Tuesday, 29 April 2008
Albertopolis Part One
A short walk through Albertopolis from South Kensington station to Hyde Park remains one of London’s more diverting attractions. The concentration of institutions devoted to conservation, scholarship and learning is unique in the city and the highest ideals of the Victorian era have shaped the buildings and infrastructure. Albertopolis has a lineage that goes back to the Great Exhibition of 1851 being constructed on land that was acquired with the proceeds of the exhibition. there is even a concealed alignment linking the central portal of the Natural History Museum with the Albert Memorial almost half a mile to the north in Hyde Park.
Alfred Waterhouse’s terracotta clad Natural History Museum is the finest and most distinctive of all the great institutional buildings with a wealth of architectural ornament and an abundance of modelled and moulded representations of the natural world. Like most great Victorian structures, it offers two levels of interpretation, the first being mass, volume and profile – the big picture, and secondly, the surface detail, the application of ornament on such a vast scale that the building can literally be read from start to finish like a work of reference. Even the presence of numerous coachloads of visitors cannot detract from the pleasure of a leisurely inspection of the elevations; the scale of the building and the generosity of its plot can effortlessly minimise their impact.
Many of Waterhouse’s drawings for decorative features have survived and form the subject of a published study by Colin Cunningham, “The Terracotta Designs of Alfred Waterhouse”. Remarkably, Waterhouse’s designs are to be found not only in the prominent areas of the building on corbels and capitals, parapets, arches and columns but in many of the least visible areas such as air-bricks and soffits. An enormous menagerie of living creatures memorialised in clay and embedded in meshes of natural forms from the world of plants is scattered across every surface. Repetition of geometric forms and the use of poly-chromed clay and brickwork add to the effect. Virtually no aspect of the building is ornament-free and the result is spectacular but indigestible. This is architecture as narrative, where the function of the building dictates an all-embracing decorative scheme of mind-bending complexity.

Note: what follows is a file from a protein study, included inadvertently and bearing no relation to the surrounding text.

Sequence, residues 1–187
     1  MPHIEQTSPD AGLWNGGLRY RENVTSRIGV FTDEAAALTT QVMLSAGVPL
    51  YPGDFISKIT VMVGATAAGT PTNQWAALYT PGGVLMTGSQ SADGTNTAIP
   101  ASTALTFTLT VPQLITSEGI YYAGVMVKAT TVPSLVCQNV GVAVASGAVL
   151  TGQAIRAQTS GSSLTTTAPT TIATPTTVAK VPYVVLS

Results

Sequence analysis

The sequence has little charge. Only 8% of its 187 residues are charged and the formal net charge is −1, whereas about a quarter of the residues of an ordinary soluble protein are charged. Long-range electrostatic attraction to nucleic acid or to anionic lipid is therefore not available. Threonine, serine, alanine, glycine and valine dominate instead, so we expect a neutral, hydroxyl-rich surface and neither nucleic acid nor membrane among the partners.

For me, the second highlight of Albertopolis is the spectacular street scene created by Richard Norman Shaw’s Albert Mansions apartment blocks of 1879 to 1886. These predominantly red brick structures of 8 or 9 storeys are at their most impressive where their facades curve to partially encircle the Albert Hall. The sense of verticality is unusual for London where the horizontal more often prevails and the eerie silence of the almost deserted streets offers an experience rarely enjoyed in such a hyper-active and noisy city. The gables, balconies and sash windows all contribute to the sense of quality. Glimpses of the Albert Hall serve as reminders of the Victorian passion for narrative facades. Terracotta inscriptions enfold the building in a typically Victorian blend of piety of expression and assertion of imperial power. The final image below is of the Albert Memorial reflected in the glazing of the Albert Hall.